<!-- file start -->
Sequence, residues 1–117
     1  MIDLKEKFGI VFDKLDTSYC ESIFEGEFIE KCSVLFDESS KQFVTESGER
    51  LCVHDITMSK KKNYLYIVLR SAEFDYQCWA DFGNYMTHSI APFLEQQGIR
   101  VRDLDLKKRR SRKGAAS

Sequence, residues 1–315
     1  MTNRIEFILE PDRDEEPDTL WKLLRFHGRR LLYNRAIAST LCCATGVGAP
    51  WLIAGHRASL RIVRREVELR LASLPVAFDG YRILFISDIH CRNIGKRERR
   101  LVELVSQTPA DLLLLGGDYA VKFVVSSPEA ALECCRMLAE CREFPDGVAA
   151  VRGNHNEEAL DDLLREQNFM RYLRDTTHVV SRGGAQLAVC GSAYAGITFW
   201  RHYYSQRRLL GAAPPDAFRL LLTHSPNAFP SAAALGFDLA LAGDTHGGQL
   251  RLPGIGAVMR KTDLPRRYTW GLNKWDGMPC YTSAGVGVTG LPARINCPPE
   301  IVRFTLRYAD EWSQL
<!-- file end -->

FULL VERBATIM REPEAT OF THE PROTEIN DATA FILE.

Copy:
Sequence, residues 1–117
     1  MIDLKEKFGI VFDKLDTSYC ESIFEGEFIE KCSVLFDESS KQFVTESGER
    51  LCVHDITMSK KKNYLYIVLR SAEFDYQCWA DFGNYMTHSI APFLEQQGIR
   101  VRDLDLKKRR SRKGAAS

Sequence, residues 1–315
     1  MTNRIEFILE PDRDEEPDTL WKLLRFHGRR LLYNRAIAST LCCATGVGAP
    51  WLIAGHRASL RIVRREVELR LASLPVAFDG YRILFISDIH CRNIGKRERR
   101  LVELVSQTPA DLLLLGGDYA VKFVVSSPEA ALECCRMLAE CREFPDGVAA
   151  VRGNHNEEAL DDLLREQNFM RYLRDTTHVV SRGGAQLAVC GSAYAGITFW
   201  RHYYSQRRLL GAAPPDAFRL LLTHSPNAFP SAAALGFDLA LAGDTHGGQL
   251  RLPGIGAVMR KTDLPRRYTW GLNKWDGMPC YTSAGVGVTG LPARINCPPE
   301  IVRFTLRYAD EWSQL